The calcified uterus resting in the pelvic bone of a skeleton.

Seven-Pound Calcified Uterus Unearthed in British Cemetery

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Archaeologists carrying out excavations at a cemetery in southeast England discovered an unusual object resting in the pelvis of an old skeleton, which they first believed to be a skull that had rolled into that position. Analysis soon revealed that the object was actually a solid, 7-pound (3kg) calcified uterus, the largest of its kind in the archaeological record.

Mental Floss reports that the uterus belonged to a woman over 50, who had been buried in a shroud at St Michael’s Lytton, a late Medieval to 19 th century cemetery in Chichester, which is being excavated by University College London in advance of a housing scheme.  Nearly 2,000 burials have been recorded, including shroud burials, coffined burials, as well as a number of brick tombs.

The calcified uterus is believed to be at least 200 years old.

“It’s one of the largest masses found archaeologically,” Carolyn Rando, a forensic anthropologist at University College London told Mental Floss. “I’ve never seen anything quite like that before, nor have my colleagues, and we were very excited.”

Excavation in progress on a late Medieval and early Modern cemetery site in Chichester where 1,764 burials were recorded in advance of a housing scheme.

Excavation in progress on a late Medieval and early Modern cemetery site in Chichester where 1,764 burials were recorded in advance of a housing scheme. ( Centre for Applied Archaeology / UCL)

“The uterus belonged to a woman who was over 50, had lost all of her teeth and had developed osteoporosis by the time she died, likely sometime between the 1600s and 1800s,” reports Mental Floss. “The mass probably started out as a number of leiomyomas, sometimes called uterine fibroids, which are benign growths that occur in up to 40 percent of women of reproductive age. Most of the time, these masses remain soft tissue and don’t calcify. But some leiomyomas can get so large that they outstrip their blood supply and start to harden.”

During her life, the woman would have had a large bulge in her abdomen, as though she were carrying a baby. However, it is not known whether the growth contributed in any way to her death. Modern science has found that women with similar conditions, such as lithopedion - a calcified fetus – can live to old age with very few problems.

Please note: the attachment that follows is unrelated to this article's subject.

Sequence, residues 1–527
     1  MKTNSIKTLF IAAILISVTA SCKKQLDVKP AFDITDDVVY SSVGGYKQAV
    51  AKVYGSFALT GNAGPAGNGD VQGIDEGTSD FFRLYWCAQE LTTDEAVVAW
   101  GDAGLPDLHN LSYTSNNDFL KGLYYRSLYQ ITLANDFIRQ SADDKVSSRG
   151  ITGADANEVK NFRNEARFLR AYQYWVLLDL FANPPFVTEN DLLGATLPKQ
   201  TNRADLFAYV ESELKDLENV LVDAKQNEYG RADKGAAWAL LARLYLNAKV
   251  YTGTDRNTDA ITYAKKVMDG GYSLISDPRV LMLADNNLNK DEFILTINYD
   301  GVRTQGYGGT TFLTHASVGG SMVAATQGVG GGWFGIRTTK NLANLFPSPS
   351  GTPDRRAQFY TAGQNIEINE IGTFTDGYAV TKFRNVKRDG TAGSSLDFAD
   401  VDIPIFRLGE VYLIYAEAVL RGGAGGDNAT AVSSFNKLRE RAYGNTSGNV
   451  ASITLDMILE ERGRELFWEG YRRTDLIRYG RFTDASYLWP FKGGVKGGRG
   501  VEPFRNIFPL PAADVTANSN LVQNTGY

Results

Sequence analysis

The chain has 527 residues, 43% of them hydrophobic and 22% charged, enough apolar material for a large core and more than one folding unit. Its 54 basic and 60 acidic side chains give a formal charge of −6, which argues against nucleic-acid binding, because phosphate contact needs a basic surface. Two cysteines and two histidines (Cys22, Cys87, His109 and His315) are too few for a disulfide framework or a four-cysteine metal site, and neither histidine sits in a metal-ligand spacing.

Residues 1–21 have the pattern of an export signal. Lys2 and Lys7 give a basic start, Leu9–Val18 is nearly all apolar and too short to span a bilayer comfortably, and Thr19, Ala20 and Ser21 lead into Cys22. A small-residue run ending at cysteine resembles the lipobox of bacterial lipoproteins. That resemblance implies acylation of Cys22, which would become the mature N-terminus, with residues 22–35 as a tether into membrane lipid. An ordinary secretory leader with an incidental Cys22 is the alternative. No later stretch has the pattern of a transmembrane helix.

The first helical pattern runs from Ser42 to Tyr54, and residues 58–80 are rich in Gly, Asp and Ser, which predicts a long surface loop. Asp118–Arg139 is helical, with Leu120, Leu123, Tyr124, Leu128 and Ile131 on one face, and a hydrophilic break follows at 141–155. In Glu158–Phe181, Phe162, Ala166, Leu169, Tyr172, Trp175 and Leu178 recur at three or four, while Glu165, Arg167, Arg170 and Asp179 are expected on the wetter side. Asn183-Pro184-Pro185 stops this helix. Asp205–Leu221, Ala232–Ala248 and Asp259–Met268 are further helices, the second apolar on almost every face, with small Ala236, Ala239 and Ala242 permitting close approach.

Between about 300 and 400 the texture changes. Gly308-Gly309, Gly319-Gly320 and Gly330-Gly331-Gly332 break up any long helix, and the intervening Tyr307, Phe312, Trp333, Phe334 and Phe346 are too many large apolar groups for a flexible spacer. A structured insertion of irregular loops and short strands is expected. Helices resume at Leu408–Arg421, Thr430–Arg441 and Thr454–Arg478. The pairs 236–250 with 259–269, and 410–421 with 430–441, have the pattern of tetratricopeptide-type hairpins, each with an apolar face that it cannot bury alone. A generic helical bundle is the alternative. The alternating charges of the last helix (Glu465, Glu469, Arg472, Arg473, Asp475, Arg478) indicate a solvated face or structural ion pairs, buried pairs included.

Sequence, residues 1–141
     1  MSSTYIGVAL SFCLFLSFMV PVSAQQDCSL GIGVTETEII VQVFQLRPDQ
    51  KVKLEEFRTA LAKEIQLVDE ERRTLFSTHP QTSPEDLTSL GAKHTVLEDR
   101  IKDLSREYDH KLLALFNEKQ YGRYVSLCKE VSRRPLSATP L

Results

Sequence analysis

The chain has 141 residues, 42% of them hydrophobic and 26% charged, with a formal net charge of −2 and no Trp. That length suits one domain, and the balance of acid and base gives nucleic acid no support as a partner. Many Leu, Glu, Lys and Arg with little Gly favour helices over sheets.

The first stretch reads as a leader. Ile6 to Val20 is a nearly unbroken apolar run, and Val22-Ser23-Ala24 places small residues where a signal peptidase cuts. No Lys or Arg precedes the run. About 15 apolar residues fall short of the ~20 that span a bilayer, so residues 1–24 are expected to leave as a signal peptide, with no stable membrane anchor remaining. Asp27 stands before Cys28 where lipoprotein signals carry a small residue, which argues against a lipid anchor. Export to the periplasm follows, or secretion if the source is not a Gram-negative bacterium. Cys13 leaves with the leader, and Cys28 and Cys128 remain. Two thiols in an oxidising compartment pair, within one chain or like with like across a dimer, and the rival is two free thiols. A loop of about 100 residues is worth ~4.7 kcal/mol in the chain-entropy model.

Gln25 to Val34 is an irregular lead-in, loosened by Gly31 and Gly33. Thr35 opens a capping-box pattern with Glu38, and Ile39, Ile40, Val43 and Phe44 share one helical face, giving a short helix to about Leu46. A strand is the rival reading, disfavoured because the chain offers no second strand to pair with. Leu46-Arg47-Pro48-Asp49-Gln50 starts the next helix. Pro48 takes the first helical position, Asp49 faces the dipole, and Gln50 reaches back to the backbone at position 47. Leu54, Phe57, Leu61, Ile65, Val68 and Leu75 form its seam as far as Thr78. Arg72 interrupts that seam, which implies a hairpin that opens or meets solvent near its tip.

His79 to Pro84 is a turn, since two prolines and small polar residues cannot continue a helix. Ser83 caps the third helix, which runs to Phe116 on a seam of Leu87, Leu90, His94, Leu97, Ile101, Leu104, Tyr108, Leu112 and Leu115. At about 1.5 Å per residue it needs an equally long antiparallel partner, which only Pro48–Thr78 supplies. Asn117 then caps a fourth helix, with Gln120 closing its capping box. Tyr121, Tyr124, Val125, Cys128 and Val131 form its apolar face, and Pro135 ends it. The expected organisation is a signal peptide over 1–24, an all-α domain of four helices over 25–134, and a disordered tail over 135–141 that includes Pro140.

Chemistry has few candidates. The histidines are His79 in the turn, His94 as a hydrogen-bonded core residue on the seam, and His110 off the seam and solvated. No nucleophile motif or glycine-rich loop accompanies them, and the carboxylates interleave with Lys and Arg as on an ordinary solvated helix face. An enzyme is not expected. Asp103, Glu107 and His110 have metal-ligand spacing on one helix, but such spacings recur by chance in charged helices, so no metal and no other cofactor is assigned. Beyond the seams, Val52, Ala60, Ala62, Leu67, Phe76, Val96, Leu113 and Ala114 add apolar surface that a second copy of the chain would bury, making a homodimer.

The calcified uterus found in Chichester cemetery.

The calcified uterus found in Chichester cemetery. Photo courtesy of G. Cole, C. Rando, L. Sibun, and T. Waldron, UCL Institute of Archaeology.

The diagnosis of a calcified uterus was made following an analysis of its interior structure and CT scans. While the uterus did not contain a fetus, there have been many recorded cases of lithopedion (also called ‘stone baby’ syndrome), in which a fetus that dies during pregnancy, hardens outside the uterus. It occurs when the dead fetus is too large to be reabsorbed by the body. It then calcifies outside the womb as part of a foreign body reaction, which protects the mother’s body from the dead tissue of the fetus. Women with a calcified fetus have been known to go on to have normal births, while the ‘stone baby’ remains inside them.

A lithopedion. This highly unusual specimen remained in the abdomen of a woman for 55 years. During this time the mother had five additional uncomplicated pregnancies.

A lithopedion. This highly unusual specimen remained in the abdomen of a woman for 55 years. During this time the mother had five additional uncomplicated pregnancies. ( Wikipedia)

In June this year, a 91-year-old woman from Chile was admitted to hospital following a fall. An x-ray revealed she had a large mass in her abdomen, which turned out to be a calcified fetus that she had carried for more than 50 years. In this case, the 4.4 pound (1.9kg) stone matter had formed inside the uterus, so she had never been able to give birth to living children.

Featured image: The calcified uterus resting in the pelvic bone of a skeleton. Photo courtesy of G. Cole, C. Rando, L. Sibun, and T. Waldron; UCL Institute of Archaeology

By April Holloway

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